Failing and Flying
by Jack Gilbert
Everyone forgets that Icarus also flew.
It’s the same when love comes to an end,
or the marriage fails and people say
they knew it was a mistake, that everybody
said it would never work. That she was
old enough to know better. But anything
worth doing is worth doing badly.
Like being there by that summer ocean
on the other side of the island while
love was fading out of her, the stars
burning so extravagantly those nights that
anyone could tell you they would never last.
Every morning she was asleep in my bed
like a visitation, the gentleness in her
like antelope standing in the dawn mist.
Each afternoon I watched her coming back
through the hot stony field after swimming,
the sea light behind her and the huge sky
on the other side of that. Listened to her
while we ate lunch. How can they say
the marriage failed? Like the people who
came back from Provence (when it was Provence)
and said it was pretty but the food was greasy.
I believe Icarus was not failing as he fell,
but just coming to the end of his triumph.
I obviously still have Icarus on my mind since poems and books (soon) come to me, now, as if I had an inner search engine set on an Icarus tag. I am onto some other project(s) but, again, it doesn’t seem that I’m done yet with Icarus, far from it, an important theme in this blog, besides the related fool archetype and journey. I realize I have to let Icarus have his say so that I can move on with these other projects that I have to heart. So be it. I am not disappointed with the result. The poem by Jack Gilbert and Elizabeth Gilbert’s take on it in the video above bear great insight as to the fool’s journey, reframing failure and self-compassion. As Gilbert says, during this interview, with the twinkle in the eye so characteristic of her sense of humor, when she ‘opens up her mouth and her mother walks out and speaks’ :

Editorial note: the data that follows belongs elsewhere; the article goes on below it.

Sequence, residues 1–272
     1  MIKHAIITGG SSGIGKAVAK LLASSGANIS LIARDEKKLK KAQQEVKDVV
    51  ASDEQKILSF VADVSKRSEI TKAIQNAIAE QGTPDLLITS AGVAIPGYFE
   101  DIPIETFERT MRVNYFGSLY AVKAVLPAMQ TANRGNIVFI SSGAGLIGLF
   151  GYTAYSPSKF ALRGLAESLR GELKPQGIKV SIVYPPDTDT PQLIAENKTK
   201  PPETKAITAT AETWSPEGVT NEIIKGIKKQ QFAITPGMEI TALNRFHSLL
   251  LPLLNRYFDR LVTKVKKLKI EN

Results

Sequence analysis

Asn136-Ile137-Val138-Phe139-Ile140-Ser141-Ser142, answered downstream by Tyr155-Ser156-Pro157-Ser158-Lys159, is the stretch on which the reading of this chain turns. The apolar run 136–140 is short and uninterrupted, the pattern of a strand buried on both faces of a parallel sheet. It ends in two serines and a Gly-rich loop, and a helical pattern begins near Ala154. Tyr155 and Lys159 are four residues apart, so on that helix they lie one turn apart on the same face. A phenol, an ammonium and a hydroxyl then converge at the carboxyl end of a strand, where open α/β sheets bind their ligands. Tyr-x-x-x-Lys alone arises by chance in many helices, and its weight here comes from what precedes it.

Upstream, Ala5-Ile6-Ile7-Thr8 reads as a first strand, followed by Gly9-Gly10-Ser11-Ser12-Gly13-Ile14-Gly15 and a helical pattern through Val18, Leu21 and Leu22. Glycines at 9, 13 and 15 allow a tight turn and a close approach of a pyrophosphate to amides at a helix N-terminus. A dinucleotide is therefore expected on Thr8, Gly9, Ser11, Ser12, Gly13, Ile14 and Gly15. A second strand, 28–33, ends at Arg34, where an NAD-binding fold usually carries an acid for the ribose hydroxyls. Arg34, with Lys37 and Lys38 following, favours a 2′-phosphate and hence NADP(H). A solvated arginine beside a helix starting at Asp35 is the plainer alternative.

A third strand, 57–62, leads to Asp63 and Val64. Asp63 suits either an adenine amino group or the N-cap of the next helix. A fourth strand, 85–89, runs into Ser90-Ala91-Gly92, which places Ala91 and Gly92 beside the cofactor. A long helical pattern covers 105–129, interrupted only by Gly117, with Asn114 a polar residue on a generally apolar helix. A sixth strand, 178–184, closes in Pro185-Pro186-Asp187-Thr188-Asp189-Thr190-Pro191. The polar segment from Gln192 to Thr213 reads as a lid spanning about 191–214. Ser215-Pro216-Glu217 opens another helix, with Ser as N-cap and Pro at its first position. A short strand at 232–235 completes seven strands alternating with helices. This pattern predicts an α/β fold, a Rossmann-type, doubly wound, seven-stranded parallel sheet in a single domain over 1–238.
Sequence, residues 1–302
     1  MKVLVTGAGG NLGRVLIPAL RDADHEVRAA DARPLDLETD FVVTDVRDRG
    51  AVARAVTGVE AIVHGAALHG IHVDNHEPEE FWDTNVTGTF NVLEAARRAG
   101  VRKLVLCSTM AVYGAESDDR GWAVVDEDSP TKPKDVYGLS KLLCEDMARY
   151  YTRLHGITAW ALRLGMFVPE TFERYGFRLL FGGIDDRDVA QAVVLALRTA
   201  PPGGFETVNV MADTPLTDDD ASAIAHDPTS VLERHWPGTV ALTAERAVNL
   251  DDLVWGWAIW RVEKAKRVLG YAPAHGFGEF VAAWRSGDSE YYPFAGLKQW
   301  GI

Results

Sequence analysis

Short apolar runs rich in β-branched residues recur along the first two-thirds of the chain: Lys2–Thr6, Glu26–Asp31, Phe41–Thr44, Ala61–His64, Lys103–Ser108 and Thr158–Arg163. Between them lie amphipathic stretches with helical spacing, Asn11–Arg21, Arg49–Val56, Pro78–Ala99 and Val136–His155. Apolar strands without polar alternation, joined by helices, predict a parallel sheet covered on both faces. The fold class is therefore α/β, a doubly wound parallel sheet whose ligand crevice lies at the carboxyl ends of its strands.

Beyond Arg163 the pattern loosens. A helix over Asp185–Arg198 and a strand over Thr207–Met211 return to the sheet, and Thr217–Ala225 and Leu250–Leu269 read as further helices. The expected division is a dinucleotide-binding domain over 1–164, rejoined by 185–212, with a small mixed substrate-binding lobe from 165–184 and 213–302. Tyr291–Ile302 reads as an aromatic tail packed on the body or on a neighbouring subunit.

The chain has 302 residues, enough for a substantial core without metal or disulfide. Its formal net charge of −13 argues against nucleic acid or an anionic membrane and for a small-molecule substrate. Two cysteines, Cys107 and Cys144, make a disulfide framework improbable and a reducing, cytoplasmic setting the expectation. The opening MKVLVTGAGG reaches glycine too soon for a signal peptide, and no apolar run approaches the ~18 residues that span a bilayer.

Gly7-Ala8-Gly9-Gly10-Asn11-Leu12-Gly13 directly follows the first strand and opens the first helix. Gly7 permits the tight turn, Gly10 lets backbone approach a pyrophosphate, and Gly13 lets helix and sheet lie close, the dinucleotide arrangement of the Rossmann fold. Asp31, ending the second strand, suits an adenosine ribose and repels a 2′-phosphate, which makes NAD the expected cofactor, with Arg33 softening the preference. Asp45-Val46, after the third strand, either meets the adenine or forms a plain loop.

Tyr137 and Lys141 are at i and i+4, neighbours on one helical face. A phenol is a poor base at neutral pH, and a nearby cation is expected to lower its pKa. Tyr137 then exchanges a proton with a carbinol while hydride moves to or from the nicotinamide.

…Please remember… later in your life, [whatever you decide today]that, subsequently, information may arise that makes you realize you made the wrong decision, but please do not abuse yourself for the choice you made when all you knew is what you know today.
[Paul Holdengräber: and enjoying what we have decided now]…I can see no other path. Right? Otherwise you’ll just be afraid … you’ll just be a consumer and you’ll never do anything again…
Then she goes on with her personal experience of her failed marriage, echoed in or rather in correspondence with [the other ]Gilbert’s poem, that lead her to her search for identity related in Eat, Pray, Love with the worldwide success this book encountered for soul searching.
There’s a lot more about the two unrelated Gilberts [Liz on Jack]:
Today’s Fools’s Message
…anything worth doing is worth doing badly.
Subsequent history and subsequent information may make me challenge that decision and all other decisions but we can only do the best with what we have right now and our knowledge and then forgive ourselves in advance for what we didn’t know as it was happening.